Gendered Time, Seasonality and Nutrition: Insights from Two Indian Districts
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Relatively few studies explore the links between women’s work in agriculture and nutritional outcomes. Using time use data from two Indian districts, this paper seeks to fill this gap. In principle, women’s agricultural work could have positive and negative implications for nutrition, through increased control over incomes resulting in improved diets to intensifying work burdens leading to tensions and trade-offs between their agricultural work and care responsibilities, as well as attention to their own health. The emerging evidence points to the nuanced ways in which social identity, seasonality and context mediate to shape women’s work in agriculture and consequently food intakes and feeding practices. Overall, women’s work in agriculture seems to have a negative effect on household nutrition through two pathways: lack of adequate time for care work in peak agricultural seasons and seasonal energy with consequent losses in body weight. Recognition of women’s contribution to both agricultural production and domestic reproduction, and supporting them adequately, is central to improving nutritional outcomes.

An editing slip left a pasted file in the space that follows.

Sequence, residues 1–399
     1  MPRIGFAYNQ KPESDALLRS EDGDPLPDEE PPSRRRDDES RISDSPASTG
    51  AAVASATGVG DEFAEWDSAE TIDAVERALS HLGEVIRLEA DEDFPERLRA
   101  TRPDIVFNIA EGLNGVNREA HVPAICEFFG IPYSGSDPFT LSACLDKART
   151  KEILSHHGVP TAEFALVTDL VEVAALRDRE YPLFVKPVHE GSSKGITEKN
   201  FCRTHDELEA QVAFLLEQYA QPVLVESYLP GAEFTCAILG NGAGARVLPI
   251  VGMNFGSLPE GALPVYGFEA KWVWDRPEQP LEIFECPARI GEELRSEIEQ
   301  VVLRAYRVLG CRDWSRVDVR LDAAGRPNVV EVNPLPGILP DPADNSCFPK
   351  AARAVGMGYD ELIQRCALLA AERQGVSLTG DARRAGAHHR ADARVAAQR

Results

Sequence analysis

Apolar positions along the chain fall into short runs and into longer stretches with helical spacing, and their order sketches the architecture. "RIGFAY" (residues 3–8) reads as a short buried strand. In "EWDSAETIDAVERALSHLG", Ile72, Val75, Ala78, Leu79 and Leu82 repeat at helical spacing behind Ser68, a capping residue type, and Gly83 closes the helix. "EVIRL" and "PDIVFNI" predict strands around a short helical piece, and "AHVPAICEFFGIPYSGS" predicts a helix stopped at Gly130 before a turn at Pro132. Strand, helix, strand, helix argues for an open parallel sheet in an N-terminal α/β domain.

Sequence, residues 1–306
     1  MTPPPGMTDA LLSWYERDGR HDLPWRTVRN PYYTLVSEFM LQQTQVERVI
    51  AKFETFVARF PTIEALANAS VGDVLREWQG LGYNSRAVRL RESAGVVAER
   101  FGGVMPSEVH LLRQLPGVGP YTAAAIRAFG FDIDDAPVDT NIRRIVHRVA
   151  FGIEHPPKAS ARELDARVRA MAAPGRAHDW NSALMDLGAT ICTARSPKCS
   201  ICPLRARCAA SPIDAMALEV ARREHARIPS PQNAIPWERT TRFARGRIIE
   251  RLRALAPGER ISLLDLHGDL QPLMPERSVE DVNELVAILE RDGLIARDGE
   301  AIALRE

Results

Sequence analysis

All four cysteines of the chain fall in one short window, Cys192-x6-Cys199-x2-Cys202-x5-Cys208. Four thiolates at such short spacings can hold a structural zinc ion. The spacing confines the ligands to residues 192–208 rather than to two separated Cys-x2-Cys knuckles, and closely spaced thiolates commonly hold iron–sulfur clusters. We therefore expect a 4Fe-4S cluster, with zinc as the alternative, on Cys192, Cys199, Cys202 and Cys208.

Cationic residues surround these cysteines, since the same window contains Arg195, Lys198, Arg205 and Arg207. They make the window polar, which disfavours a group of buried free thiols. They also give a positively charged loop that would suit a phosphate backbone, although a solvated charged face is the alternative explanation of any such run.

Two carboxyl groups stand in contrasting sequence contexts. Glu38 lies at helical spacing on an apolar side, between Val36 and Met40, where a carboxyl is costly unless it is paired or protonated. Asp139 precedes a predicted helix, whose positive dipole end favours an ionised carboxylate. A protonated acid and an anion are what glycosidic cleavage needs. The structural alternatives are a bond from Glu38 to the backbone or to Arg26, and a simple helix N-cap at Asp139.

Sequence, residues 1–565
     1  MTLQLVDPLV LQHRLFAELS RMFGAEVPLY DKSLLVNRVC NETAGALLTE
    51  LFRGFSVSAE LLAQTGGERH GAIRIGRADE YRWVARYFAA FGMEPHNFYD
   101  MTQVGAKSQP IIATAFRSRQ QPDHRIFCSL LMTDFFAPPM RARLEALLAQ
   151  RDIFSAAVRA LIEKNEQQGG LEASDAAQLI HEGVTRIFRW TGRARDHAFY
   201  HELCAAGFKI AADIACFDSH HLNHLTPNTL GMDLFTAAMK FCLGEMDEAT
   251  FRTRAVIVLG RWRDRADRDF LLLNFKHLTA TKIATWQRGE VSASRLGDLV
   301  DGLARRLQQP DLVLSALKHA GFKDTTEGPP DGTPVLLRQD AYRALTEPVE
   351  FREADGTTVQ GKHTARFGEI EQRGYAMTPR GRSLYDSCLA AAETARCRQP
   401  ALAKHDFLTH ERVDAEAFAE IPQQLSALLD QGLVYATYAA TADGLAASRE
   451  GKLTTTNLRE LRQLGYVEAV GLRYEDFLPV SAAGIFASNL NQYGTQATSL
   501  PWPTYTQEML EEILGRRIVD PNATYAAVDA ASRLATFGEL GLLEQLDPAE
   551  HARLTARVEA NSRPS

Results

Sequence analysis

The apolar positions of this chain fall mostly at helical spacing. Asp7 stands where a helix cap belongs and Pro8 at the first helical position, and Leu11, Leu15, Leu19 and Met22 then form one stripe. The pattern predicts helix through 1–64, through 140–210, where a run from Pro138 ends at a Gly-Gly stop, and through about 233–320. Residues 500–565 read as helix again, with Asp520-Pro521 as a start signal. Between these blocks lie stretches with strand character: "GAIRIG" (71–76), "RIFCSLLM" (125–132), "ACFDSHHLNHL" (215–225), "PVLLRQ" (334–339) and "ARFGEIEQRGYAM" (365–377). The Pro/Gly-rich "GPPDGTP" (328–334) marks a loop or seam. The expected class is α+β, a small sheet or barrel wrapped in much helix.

CitationRao, Nitya. and S, Raju (2017) Gendered Time, Seasonality and Nutrition: Insights from Two Indian Districts, LANSA Working Paper series 2017 No 22. Brighton: LANSA
Is part of seriesLANSA Working Paper Series 2017;22
Rights holderLeveraging Agriculture for Nutrition in South Asia (LANSA)
SponsorDepartment for International Development (DFID)